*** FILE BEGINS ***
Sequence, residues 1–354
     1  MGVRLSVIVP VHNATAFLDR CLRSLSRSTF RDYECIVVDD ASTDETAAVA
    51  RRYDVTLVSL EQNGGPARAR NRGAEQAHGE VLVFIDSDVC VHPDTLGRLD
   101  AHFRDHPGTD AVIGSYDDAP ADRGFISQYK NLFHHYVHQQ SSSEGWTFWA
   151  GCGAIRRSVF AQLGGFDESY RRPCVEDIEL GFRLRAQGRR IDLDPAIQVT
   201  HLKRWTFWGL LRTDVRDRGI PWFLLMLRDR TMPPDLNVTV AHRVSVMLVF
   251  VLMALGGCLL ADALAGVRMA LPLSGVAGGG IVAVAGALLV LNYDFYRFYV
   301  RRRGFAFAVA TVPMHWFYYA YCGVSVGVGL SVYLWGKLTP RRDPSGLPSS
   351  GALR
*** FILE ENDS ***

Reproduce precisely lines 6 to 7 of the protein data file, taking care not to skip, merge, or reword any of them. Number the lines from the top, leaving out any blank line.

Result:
   201  HLKRWTFWGL LRTDVRDRGI PWFLLMLRDR TMPPDLNVTV AHRVSVMLVF
   251  VLMALGGCLL ADALAGVRMA LPLSGVAGGG IVAVAGALLV LNYDFYRFYV